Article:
Many assessments of the Catholic Church troubles with clerical sexual abuse have noted as contributory factors the importance of inadequate seminary training in human sexuality, and the poor level of psychosexual maturity of some seminarians and priests. Especially for those priests who entered religious life in minor seminaries as young adolescents, many priests have observed that they entered the seminary as twelve year olds – and emerged in their twenties, with the sexual knowledge of a twelve year old.
This is a bigger problem than just that a lack of personal psychosexual maturity in some priests, may contributes to [possible pathological behaviour. Even among those who have achieved a satisfactory level of maturity, there remains the problem that a lack of training in human sexuality, may leave them ill-prepared to provide suitable pastoral support to those who come to them for guidance on sexual matters.
Part of the reason for the inadequacy of current and past seminary training, lies in its base in single-sex institutions. isolated from normal family life.
It is encouraging then, to find in Pope Francis’ response to the Bishops’ Synod Assembly on marriage and family, (“Amor Laetitia”, the Joy of the Family), that he has acknowledged the problem, and proposed improvements.
It’s particularly notable that he proposes that instead of training in sexuality derived solely from Church doctrine, this should in future be interdisciplinary in nature – presumably including the findings from the social sciences. He also proposes that part of the priestly training should be based in parishes, where they are more likely to come into contact with real families, and their real-life problems. Another notable recommendation is for greater lay participation in pastoral support for families.
203. Seminarians should receive a more extensive interdisciplinary, and not merely doctrinal, formation in the areas of engagement and marriage. Their training does not always allow them to explore their own psychological and affective background and experiences. Some come from troubled families, with absent parents and a lack of emotional stability. There is a need to ensure that the formation process can enable them to attain the maturity and psychological balance needed for their future ministry. Family bonds are essential for reinforcing healthy self-esteem.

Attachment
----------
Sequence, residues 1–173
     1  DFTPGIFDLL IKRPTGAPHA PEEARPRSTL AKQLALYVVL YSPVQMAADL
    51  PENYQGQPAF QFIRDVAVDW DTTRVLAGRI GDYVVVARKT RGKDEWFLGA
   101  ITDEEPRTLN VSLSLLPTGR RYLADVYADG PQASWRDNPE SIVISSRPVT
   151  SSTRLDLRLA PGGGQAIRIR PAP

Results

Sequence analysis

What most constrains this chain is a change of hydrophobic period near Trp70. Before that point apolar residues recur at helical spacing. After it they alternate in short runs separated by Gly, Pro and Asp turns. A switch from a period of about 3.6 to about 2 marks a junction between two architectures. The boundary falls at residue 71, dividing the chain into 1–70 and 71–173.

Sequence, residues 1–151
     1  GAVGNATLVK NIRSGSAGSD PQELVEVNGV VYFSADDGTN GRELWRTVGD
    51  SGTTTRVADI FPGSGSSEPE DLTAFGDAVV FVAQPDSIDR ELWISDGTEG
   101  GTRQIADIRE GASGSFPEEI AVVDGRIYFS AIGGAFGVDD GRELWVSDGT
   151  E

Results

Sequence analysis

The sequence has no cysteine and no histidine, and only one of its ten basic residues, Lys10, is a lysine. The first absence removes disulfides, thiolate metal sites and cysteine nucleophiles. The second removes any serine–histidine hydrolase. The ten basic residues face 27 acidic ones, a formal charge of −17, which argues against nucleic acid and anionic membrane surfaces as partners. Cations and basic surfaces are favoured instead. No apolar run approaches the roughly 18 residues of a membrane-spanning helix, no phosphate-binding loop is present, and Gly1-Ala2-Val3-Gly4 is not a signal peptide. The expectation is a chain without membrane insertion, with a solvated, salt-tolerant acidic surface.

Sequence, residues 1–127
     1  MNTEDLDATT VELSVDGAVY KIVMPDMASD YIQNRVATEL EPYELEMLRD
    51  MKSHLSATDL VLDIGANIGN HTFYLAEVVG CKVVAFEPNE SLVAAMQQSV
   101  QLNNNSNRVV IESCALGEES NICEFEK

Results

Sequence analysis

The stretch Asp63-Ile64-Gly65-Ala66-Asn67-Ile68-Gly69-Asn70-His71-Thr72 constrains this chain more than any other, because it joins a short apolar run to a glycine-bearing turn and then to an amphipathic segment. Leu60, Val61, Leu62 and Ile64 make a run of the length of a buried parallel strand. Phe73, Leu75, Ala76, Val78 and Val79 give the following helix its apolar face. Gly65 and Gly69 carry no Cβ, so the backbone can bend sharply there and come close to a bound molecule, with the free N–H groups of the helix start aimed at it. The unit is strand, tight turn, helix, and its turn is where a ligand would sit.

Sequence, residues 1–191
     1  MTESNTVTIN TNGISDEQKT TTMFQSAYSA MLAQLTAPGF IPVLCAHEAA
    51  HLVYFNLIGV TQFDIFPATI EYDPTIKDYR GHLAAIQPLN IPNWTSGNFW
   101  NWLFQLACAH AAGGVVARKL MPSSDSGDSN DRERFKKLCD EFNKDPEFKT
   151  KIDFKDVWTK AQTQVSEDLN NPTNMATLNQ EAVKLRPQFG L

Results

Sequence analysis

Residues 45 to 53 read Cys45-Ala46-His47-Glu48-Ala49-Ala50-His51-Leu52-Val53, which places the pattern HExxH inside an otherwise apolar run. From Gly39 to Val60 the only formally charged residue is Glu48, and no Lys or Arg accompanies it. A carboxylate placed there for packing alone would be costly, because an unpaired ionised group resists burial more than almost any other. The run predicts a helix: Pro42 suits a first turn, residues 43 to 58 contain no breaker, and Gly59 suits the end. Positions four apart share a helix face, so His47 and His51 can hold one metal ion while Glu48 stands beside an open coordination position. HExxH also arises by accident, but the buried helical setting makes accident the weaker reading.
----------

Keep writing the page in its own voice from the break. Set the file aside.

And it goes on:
It is important for families to be part of the seminary process and priestly life, since they help to reaffirm these and keep them well grounded in reality. It is helpful for seminarians to combine time in the seminary with time spent in parishes. There they can have greater contact with the concrete realities of family life, since in their future ministry they will largely be dealing with families. “The presence of lay people, families and especially the presence of women in priestly formation, promotes an appreciation of the diversity and complementarity of the different vocations in the Church”.
204. The response to the consultation alsoinsisted on the need for training lay leaders who can assist in the pastoral care of families, with the help of teachers and counsellors, family and community physicians, social workers, juvenile and family advocates, and drawing upon the contributions of psychology, sociology, marital therapy and counselling. Professionals, especially those with practical experience, help keep pastoral initiatives grounded in the real situations and concrete concerns of families. “Courses and programmes, planned specifically for pastoral workers, can be of assistance by integrating the premarital preparation programme into the broader dynamic of ecclesial life”.
235 Good pastoral training is important “especially in light of particular emergency situations arising from cases of domestic violence and sexual abuse”.
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